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Trams may run between Birmingham and Coventry in HS2 spin-off scheme

Trams may run between Birmingham and Coventry in HS2 spin-off scheme

🕔08.Nov 2013

A Midland Metro tram route linking Birmingham’s Curzon Street HS2 station, Birmingham Airport/NEC and Coventry is being planned by local authority leaders.

The 26 mile track is envisaged as a major spin-off benefit from the HS2 high speed rail line.

A project group working closely with the HS2 Company is looking in detail at the feasibility of a multi-million project to improve access to high speed rail stations, and the tram route between Birmingham and Coventry is seen as a key priority.

Details of the metro scheme were revealed by Birmingham city council leader Sir Albert Bore, who said he hoped trams would run from New Street Station and Curzon Street to an HS2 interchange at the airport and then on to Coventry city centre.

The route will make it easier to access UK Central – the name given to employment land alongside the M42 and airport – and trigger the creation of thousands of new jobs, Sir Albert said.

He told a scrutiny committee looking at Birmingham’s preparations for HS2: “Project groups are looking at maximising the beneficial impact of HS2 and one of these groups is looking at Curzon Street Station.

“We intend to take the next metro route out from the city centre to the HS2 station at the airport and, we hope, onwards to Coventry.”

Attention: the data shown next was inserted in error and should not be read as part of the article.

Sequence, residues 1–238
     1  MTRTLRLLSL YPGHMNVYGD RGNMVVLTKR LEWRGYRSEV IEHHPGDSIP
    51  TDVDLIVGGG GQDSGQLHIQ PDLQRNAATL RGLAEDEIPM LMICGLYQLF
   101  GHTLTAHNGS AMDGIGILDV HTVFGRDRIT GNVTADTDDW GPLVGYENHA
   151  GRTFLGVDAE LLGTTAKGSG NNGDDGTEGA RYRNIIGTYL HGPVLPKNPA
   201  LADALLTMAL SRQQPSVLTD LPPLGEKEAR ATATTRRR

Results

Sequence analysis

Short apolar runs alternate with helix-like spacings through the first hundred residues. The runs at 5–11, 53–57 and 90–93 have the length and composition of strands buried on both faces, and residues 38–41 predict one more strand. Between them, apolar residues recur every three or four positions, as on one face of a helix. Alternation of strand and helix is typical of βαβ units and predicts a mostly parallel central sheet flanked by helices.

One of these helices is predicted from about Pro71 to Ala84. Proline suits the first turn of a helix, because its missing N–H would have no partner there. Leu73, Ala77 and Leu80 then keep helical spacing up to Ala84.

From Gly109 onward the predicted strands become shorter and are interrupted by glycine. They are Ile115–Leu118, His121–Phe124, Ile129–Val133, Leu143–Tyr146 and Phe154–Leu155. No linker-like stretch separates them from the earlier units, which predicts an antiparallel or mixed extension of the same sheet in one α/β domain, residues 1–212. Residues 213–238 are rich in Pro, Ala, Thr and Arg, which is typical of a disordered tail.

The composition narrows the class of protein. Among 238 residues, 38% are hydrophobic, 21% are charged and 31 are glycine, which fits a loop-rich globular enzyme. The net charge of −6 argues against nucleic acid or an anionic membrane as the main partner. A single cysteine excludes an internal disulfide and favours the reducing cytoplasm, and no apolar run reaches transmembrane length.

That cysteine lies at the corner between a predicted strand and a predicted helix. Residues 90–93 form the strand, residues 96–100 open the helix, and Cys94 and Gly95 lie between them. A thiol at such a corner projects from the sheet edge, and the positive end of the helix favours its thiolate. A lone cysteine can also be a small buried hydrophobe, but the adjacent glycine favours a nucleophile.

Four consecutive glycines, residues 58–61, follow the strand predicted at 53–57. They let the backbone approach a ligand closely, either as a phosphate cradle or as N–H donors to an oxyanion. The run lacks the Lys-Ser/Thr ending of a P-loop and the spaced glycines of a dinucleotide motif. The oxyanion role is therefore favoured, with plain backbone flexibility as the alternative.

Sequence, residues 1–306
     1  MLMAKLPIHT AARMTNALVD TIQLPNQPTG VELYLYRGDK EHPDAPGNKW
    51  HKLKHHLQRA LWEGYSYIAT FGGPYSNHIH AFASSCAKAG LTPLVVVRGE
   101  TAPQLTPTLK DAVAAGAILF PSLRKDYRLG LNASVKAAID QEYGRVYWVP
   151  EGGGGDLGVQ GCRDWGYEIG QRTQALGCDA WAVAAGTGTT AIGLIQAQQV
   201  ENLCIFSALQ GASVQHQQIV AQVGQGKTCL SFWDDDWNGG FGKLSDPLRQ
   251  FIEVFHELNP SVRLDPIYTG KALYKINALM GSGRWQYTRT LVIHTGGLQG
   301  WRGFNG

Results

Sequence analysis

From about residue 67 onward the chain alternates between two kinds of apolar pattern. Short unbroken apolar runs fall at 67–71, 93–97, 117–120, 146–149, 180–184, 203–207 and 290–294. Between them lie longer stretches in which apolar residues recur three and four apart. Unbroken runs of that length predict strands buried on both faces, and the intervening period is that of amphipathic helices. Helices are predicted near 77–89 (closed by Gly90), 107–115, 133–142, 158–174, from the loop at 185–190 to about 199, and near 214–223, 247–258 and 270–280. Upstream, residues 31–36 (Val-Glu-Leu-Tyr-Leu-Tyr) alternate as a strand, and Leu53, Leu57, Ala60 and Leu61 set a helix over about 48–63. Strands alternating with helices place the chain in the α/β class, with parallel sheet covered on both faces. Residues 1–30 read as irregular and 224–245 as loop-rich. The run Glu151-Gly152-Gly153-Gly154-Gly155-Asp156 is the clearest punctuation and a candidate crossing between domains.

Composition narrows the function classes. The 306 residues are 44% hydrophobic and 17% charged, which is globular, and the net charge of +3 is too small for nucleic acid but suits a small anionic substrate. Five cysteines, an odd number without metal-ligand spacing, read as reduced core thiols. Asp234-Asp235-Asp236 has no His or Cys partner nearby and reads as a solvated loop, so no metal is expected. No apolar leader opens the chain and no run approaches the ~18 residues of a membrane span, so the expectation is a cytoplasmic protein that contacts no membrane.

One possibility being examined would see trams run from New Street Station on a track running to platforms underneath Curzon Street international station and then on to New Canal Street, Fazeley Street and onwards to the airport.

The proposal is similar to plans first launched in 1987, under which passenger transport authority Centro proposed trams running from Coventry city centre to the west of the city and from Birmingham to the airport. It was hoped that the two routes might eventually be joined up as part of a West Midlands network of tram lines, but neither of the tracks was ever built.

The planned Coventry metro section provoked a storm of protest from middle class households in Earlsdon who complained about the impact on property prices of trams running along narrow streets.

Sir Albert told the scrutiny committee that HS2 could bring 50,000 new jobs to Birmingham and the West Midlands, but only if connectivity around the interchange stations was improved.

He conceded that the city council had lost the battle to retain the huge DVD/Alsthom site at Washwood Heath, where development creating 6,000 jobs had been planned. Most of the land will be appropriated by the Government for an HS2 maintenance depot, creating about 800 jobs.

The best the council can hope for is that a third of the land will be returned to the local authority after 2026, when HS2 services begin to run.

Sir Albert’s enthusiasm for HS2 is not shared by Roger Godsiff, the only Birmingham MP to vote in the Commons against the project. Mr Godsiff (Lab Hall Green) likened high speed rail to the Millennium Dome, which he said “saw taxpayers’ money being completely wasted”.

Mr Godsiff, speaking in a debate on the HS2 Paving Bill, said: “if this is a such a great bargain for the taxpayer and for this country, why is it not being financed by private capital or foreign sovereign wealth funds?

“The Government are no great lover of public enterprise. Indeed, they are doing their best to pass the very successful franchise on the east coast line back into private ownership.

“That is their position, fine, but why is private capital not coming into this project? Why are foreign sovereign wealth funds not coming in?

“I suspect the reason is quite simple: private capital will not touch it with a bargepole, because those involved know that it cannot be done within the figures that have been talked about. It will go massively over budget and they are not going to pick up the bill.”

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